Why Bounce Rate Can Help Local SEO

Written by: Jason Bayless | May 17, 2016

If you want to master local SEO, then you need to understand the bounce rate and how it works. The bounce rate tells you whether or not people who come to your site decide to stick around and read more. A high bounce rate means that you are not retaining your traffic, and that is a bad thing. In this post, we will talk about bounce rate in detail and discuss ways you can reduce your bounce rate. It’s one of the most important statistics in local SEO, so having a deep understanding of it will make you a much better marketer.

When someone searches for a keyword and your site comes up as a suggested search, users have to pick on your site from among many options. Ideally, you are near the top of the results page, but the important thing is that there is a lot of competition. So if they decide to visit your site, the user knows that there are a lot of alternatives a click away.

This adds up to mean that if there is the slightest bit of frustration that users get from your site, or if it is not clear, or if the design is unpleasant, users have a strong temptation to leave the site and go to one of those alternatives. Your bounce rate is the percentage of visitors who leave after only seeing one page on your site. It is a measure of how frequently people turn around and leave after clicking your site.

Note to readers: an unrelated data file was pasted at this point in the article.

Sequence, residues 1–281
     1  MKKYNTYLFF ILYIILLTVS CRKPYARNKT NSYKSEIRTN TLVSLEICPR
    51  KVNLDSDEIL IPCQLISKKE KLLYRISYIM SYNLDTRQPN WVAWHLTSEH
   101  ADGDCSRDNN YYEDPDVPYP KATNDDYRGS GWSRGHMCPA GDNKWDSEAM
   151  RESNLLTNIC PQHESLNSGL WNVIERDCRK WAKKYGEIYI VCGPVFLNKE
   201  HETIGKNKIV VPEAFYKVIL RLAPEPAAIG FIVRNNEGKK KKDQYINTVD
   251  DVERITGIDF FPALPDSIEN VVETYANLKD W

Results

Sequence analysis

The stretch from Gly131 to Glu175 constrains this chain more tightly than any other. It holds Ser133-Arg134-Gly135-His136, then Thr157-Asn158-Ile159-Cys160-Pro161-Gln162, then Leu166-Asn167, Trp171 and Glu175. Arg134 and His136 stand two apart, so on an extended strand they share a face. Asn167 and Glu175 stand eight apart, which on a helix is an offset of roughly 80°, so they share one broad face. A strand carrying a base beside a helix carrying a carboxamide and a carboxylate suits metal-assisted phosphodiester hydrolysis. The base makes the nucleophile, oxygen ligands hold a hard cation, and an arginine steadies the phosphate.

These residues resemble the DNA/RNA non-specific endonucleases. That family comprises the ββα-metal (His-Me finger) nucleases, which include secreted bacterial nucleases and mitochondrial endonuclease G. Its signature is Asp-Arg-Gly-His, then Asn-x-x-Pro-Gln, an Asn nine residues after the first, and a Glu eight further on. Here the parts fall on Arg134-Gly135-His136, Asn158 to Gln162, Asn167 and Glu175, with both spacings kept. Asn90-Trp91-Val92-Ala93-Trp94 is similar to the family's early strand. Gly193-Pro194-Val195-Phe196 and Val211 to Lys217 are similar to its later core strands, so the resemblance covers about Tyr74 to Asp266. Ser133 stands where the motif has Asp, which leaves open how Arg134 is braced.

If you have a high bounce rate, then something in your site is turning people off. You need to find out what it is as soon as possible. Google does not like sites with high bounce rates, so you risk losing your local search spotlight to another company. That means it is critical that you find and fix the problem as soon as possible. There are many possible contributing factors, and it might not be obvious which one is the problem. There might also be more than one issue that pushes people away.

To start learning more, you need to carry out some tests. First, think of one design element that you think is contributing to the problem. Create an A/B test where you change that element to something more user-friendly. Then run the test for a while, serving one variation of the page to each person. At the end of the trial period, look to see which design had a lower bounce rate.
This system is not perfect: it is hard to test more than one design element at a time, especially if you do not have high traffic. The less traffic you get, the longer you have to wait before you get results with statistical significance.

If the testing process does help you, then you should consider trying out different design elements and testing them too. This can help you sculpt your site and make it more attractive to visitors. After all, the main problem is that people do think your site will offer value to them, but change their minds once they arrive. So if you can just convince them to hold on and give you a chance, you will enjoy the high traffic that your SEO efforts have brought you. Traffic is just one part of the equation: bounce rate tells you how much of that traffic leaves right away and becomes impossible to convert.